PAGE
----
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The Task Types and Mathematics Learning Research Project
Helen O'Shea
Irit Peled
MonashUniversity
<helen.oshea@education.monash.edu.au>
Monash University
<ipeled@construct.ac.il>
This paper provides a theoretical background and rationale for a project that involves an
investigation of the power of different types of tasks. This background paper focuses on
the role of tasks in creating a learning environment and takes into account the effect of
the teacher in the process of task implementation. The Task Types and Mathematics
Learning (TTML) research project investigates how four types of mathematics tasks
contribute to mathematics learning in the middle years of schooling. Through
professional development and data collected through observation of teachers and
students, interviews, focus groups, and surveys, the project aims to describe the
features of successful exemplars of each type, constraints that might be experienced by
teachers, and teacher actions that can best support students’ learning.
This session introduces a project entitled Examining the relationship between the
documented curriculum, classroom tasks, and the learning of mathematics. We call it Task
Types and Mathematics Learning, or TTML, and our research is investigating the nature
and effect of using different types of mathematics tasks.
The Research Rationale
Our research is based on an assumption that choice of tasks, and the associated
pedagogies, are key aspects of teaching and learning mathematics (see e.g., Brousseau,
1997; Christiansen & Walther, 1986). We argue that what students learn is largely defined
by the tasks they are given. For example, we assume that tasks designed to prompt higherorder thinking are more likely to produce such thinking than tasks designed to offer skills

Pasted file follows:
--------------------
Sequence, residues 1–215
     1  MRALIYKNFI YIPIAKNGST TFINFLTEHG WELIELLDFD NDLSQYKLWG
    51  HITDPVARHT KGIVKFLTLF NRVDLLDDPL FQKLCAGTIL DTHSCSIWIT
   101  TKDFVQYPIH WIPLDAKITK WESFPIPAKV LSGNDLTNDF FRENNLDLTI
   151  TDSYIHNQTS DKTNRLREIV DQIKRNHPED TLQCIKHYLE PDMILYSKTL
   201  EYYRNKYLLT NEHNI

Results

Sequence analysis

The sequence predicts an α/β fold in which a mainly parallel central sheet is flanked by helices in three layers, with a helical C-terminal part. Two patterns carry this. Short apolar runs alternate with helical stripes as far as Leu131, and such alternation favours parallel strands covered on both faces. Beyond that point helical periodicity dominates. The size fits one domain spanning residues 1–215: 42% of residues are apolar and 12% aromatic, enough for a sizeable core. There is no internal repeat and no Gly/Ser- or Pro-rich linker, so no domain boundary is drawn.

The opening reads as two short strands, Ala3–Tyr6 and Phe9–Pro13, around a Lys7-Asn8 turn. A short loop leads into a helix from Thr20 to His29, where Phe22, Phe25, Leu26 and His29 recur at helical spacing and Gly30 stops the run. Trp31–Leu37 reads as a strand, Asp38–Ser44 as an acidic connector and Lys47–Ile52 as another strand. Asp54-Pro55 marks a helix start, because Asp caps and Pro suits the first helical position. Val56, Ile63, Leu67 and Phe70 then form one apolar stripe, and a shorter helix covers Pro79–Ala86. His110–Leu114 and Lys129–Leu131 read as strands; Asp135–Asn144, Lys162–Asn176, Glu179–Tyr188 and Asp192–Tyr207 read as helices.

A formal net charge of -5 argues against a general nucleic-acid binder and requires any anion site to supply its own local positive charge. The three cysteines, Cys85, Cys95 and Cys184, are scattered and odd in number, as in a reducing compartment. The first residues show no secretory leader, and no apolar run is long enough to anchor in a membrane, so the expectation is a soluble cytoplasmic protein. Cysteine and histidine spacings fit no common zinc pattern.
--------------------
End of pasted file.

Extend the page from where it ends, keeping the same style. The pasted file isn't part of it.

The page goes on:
practice (see e.g., Doyle, 1998; Hiebert & Wearne, 1997). We agree with Ames (1992) and
Gee (2004) that tasks are more likely to be effective when students have meaningful reason
for engaging in the activity, when there is enough but not too much challenge, and that
variety is important.
Tasks are a central part of classroom activity, an outcome of the teacher’s choice
among different routes to achieve instructional goals. This choice of tasks reflects teacher
beliefs about instructional goals, while the way the tasks are formulated or modified
reflects teacher beliefs about learning and teaching (Kaiser, 2006).
As described in a processing model suggested by Stein, Grover, and Henningson
(1996), the implementation of the task is affected both by the teacher and by the students.
According to their differing beliefs and attitudes, teachers might implement the same task
in different ways. They might organise the class in different settings, and might lower the
level of challenge, especially in the case of high-level thinking. The students affect the task
by giving it interpretations that might be different from what the teacher intended and
which depend on many factors including classroom norms, and the children’s existing
knowledge and schemes.
An important characteristic of task implementation involves the balance between the
student’s own work and teacher intervention. Some of this balance depends on the teacher,
her beliefs and her teaching approach, and some depends on task characteristics. Boaler
(2003) shows that teachers with similar declarations about their attitude towards reform
might give students similar tasks, and yet what actually happens in their classes is
divergent. One teacher might be quick to provide students with hints about solving a given
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